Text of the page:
added); see also Overton, 2010 WL 4717048, at *4 n.3 (“While this Court has applied
Roe’s mandate to district court judges to use ‘judicial experience and common sense’
to determine that the jurisdictional minimum was met in a wrongful death case . . . the
undersigned does not believe that Roe’s ‘common-sense approach’ must be limited
to such cases.”) (citations omitted). Ms. Jones’s citations to Butler v. Charter
Communications, 755 F. Supp. 2d 1192 (M.D. Ala. 2010), and SUA Insurance
Company v. Classic Home Builders, LLC, 751 F. Supp. 2d 1245 (S.D. Ala. 2010),
are unavailing in this context. Both of these decisions emphasize that Roe should not
be applied to non-wrongful-death cases just because the plaintiff seeks punitive
damages. See Butler, 755 F. Supp. 2d at 1195; SUA Ins. Co., 751 F. Supp. 2d at 1255
(holding that the court was “not free simply to assume” that the jurisdictional
requirement was met because the plaintiff requested punitive damages).
The court makes no such assumption here. Although Ms. Jones describes her
suit as merely a “products liability case,” Doc. 8 at 10, her allegations describe
serious personal injury. She claims she has suffered atypical fractures to both her
femurs, and she faults NPC for three corrective surgeries she had to endure as a result
– including a wholly unnecessary operation on her back. Overall, she claims (by the
court’s estimate) eleven different types of injuries that she has suffered because of
NPC, whether in the past, presently, or ongoing into the future. And, she asserts all
these injuries are permanent in nature. NPC asks this court to employ its “judicial
experience and common sense” to determine it more likely than not that Ms. Jones
seeks at least the jurisdictional minimum. The court considers this a reasonable
inference from the nature of Ms. Jones’s allegations. As the Eleventh Circuit
explained in Roe, preventing the court from making such a logical deduction would
allow plaintiffs like Ms. Jones to evade federal jurisdiction through “artful pleading.”
613 F.3d at 1064; see also id. (“[P]reventing a district judge from acknowledging the
value of the claim, merely because it is unspecified by the plaintiff, would force the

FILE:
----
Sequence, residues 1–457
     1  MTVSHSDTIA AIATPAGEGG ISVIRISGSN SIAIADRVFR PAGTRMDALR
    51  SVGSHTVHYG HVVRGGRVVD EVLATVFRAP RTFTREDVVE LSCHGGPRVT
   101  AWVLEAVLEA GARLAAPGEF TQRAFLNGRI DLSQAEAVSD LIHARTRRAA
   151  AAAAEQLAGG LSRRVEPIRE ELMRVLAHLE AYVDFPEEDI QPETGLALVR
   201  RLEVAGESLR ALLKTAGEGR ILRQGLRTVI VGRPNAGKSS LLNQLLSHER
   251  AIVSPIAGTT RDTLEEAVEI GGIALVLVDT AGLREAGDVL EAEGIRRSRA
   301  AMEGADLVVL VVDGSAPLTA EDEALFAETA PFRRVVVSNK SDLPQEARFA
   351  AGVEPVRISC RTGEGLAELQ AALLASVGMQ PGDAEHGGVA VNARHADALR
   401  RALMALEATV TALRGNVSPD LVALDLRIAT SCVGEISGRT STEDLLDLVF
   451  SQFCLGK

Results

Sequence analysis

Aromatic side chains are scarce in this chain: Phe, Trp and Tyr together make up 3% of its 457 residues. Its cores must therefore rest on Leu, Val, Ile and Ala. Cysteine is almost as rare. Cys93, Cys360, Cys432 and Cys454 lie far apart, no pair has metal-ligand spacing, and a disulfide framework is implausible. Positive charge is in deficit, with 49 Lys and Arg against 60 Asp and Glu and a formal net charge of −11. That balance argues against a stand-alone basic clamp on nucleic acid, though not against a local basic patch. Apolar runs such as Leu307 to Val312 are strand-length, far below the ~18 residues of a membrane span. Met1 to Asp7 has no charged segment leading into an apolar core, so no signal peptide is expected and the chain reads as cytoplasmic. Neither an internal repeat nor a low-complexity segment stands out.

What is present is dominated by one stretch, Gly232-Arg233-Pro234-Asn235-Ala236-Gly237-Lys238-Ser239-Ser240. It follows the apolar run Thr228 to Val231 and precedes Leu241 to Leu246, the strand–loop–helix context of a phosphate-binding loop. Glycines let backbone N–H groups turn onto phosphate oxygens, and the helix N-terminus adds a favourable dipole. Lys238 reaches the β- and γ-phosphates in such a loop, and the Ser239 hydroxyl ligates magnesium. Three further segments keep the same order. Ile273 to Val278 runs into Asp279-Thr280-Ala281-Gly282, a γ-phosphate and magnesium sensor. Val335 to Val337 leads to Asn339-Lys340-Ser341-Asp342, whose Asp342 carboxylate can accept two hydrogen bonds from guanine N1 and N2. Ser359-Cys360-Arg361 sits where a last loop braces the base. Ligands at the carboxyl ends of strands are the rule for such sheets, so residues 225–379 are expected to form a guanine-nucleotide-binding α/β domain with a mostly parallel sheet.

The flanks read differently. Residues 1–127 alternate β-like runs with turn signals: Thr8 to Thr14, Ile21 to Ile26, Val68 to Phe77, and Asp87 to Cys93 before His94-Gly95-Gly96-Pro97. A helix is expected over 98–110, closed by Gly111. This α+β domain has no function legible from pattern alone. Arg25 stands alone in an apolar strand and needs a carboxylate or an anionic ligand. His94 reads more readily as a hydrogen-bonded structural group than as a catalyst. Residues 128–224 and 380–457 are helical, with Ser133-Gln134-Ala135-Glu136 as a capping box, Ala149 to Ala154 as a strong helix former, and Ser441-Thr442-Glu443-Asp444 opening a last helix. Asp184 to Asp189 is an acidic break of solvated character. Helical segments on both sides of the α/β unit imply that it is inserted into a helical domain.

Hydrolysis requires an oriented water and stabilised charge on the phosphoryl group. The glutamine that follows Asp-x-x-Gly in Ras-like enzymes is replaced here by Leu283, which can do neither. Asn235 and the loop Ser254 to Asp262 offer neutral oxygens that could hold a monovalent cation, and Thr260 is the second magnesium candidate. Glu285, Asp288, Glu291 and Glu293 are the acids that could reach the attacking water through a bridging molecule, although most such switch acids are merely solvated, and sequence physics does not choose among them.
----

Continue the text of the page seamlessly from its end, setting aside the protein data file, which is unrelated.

court to abdicate its statutory right to hear the case.”).
B. NPC persuasively buttresses its jurisdictional argument by highlighting
Ms. Jones’s refusal to stipulate that she is seeking less than $75,000.
Although the court finds it facially apparent from the pleadings that the
jurisdictional minimum is met here, NPC supplements its case by underscoring Ms.
Jones’s refusal to stipulate that she is seeking less than the jurisdictional minimum.
See Doc. 10 at 5-6; Doc. 10-1 ¶ 2. The court is aware that “a refusal to stipulate
standing alone does not satisfy [the defendant’s] burden of proof on the jurisdictional
issue.” Williams, 269 F.3d at 1320 (emphasis added). But, NPC obviously is not
relying exclusively on Ms. Jones’s refusal to stipulate. Rather, it simply argues that
it is relevant that she would not so stipulate – or, indeed, substantiate at all her
arguments on the amount at issue here. The court agrees, and considers such refusal
in reaching its decision to deny remand. See Devore v. Howmedica Osteonics Corp.,
658 F. Supp. 2d 1372, 1380 (M.D. Fla. 2009) (“[A] plaintiff’s refusal to stipulate or
admit that she is not seeking damages in excess of the requisite amount should be
considered when assessing the amount in controversy.”) (internal quotation marks
and citation omitted).
NPC has proven by a preponderance of the evidence that more than $75,000
was in controversy at the time it removed the case from state court. That this is so is
facially evident from Ms. Jones’s complaint allegations. But this conclusion is
buffered by her blunt refusal to concede that she is seeking less than the jurisdictional
minimum. “[T]he Federal courts should not sanction devices intended to prevent a
removal to a Federal court where one has that right, and should be equally vigilant to
protect the right to proceed in the Federal court as to permit the state courts, in proper
cases, to retain their own jurisdiction.” Wecker v. Nt’l Enameling and Stamping Co.,
204 U.S. 176, 186 (1907). While courts are to construe the removal statutes narrowly,
they should not “rewrite them to add restrictions that cannot be found in their
language and that would run counter to their purposes.” Pretka, 608 F.3d at 766
(citation omitted). Accordingly, Ms. Jones’s Motion to Remand is DENIED.
Signed this the 2nd of July, 2013
VIRGINIA EMERSON HOPKINS
United States District Judge